Freud on homosexuality: Letter to a mother

Commenters on recent posts have mentioned Freud’s views of homosexuality. I am looking for an easy link to the section in Three Essays on the Theory of Sexuality where he discussed homosexuality. In the mean time, I thought I would post his letter to a woman who wrote him about her homosexual son.

Dear Mrs. X (April 9, 1935)

I gather from your letter that your son is a homosexual. I am most impressed by the fact that you do not mention this term yourself in your information about him. May I question you, why do you avoid it? Homosexuality is assuredly no advantage, but it is nothing to be ashamed of, no vice, no degradation, it cannot be classified as an illness; we consider it to be a variation of the sexual function produced by certain arrest of sexual development. Many highly respectable individuals of ancient and modern times have been homosexuals, several of the greatest among them (Plato, Michelangelo, Leonardo da Vinci, etc.). It is a great injustice to persecute homosexuality as a crime, and cruelty too. If you do not believe me, read the books of Havelock Ellis.

By asking me if I can help, you mean, I suppose, if I can abolish homosexuality and make normal heterosexuality take its place. The answer is, in a general way, we cannot promise to achieve it. In a certain number of cases we succeed in developing the blighted germs of heterosexual tendencies which are present in every homosexual, in the majority of cases it is no more possible. It is a question of the quality and the age of the individual. The result of the treatment cannot be predicted.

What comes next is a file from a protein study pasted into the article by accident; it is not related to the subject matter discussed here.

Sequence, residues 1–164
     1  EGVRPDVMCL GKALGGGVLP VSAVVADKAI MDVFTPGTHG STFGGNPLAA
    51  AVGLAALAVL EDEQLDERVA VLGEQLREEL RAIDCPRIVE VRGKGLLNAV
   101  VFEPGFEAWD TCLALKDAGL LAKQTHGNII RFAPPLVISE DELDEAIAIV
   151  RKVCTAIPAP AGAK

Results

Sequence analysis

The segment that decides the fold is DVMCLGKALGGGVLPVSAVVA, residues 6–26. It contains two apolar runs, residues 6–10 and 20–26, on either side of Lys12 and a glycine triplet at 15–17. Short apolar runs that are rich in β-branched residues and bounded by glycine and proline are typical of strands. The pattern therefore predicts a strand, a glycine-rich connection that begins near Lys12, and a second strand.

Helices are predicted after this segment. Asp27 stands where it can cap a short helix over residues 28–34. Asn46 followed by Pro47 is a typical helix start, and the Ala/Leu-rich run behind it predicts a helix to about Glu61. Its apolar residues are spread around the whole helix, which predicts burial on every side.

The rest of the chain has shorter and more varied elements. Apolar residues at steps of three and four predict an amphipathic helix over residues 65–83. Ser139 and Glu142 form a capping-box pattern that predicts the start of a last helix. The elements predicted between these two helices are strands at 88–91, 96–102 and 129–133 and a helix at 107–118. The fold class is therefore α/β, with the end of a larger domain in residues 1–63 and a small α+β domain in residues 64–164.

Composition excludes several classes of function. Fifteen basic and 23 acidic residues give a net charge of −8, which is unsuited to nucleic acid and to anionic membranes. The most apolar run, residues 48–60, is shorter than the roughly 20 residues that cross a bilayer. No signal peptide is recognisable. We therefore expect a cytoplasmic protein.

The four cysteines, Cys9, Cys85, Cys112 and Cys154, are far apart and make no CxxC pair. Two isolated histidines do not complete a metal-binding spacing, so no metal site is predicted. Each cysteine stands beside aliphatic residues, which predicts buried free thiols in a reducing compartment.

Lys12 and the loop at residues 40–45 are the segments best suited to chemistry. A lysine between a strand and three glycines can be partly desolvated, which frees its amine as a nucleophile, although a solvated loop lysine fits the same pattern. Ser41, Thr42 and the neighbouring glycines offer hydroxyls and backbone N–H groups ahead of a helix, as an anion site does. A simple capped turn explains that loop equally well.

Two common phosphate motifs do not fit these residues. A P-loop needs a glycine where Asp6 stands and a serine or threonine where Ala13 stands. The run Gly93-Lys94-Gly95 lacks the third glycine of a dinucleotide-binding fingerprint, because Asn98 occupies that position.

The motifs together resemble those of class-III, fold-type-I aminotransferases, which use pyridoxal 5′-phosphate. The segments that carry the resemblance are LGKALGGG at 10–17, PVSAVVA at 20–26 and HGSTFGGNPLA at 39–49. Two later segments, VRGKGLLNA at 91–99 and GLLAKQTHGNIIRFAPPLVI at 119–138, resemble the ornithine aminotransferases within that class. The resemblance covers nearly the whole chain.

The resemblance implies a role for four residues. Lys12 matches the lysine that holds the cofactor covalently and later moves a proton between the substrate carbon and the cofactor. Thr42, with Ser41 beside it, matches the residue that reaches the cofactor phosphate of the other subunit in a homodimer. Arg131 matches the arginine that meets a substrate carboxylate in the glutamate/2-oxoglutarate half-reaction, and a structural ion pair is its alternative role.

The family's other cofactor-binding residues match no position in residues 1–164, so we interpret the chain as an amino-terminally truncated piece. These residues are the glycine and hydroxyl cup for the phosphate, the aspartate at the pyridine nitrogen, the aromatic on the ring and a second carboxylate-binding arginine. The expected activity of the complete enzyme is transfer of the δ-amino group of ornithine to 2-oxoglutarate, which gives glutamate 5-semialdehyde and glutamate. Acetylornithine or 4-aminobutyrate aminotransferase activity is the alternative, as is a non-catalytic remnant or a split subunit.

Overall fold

What analysis can do for your son runs in a different line. If he is unhappy, neurotic, torn by conflicts, inhibited in his social life, analysis may bring him harmony, peace of mind, full efficiency, whether he remains a homosexual or gets changed. If you make up your mind that he should have analysis with me (I don’t expect you will!!) he has to come over to Vienna. I have no intention of leaving here. However, don’t neglect to give me your answer.

Sincerely yours with kind wishes,


P.S. I did not find it difficult to read your handwriting. Hope you will not find my writing and my English a harder task.


Freud, Sigmund, “Letter to an American mother”, American Journal of Psychiatry, 107 (1951): p. 787.

Pictures of the original letter are here and here.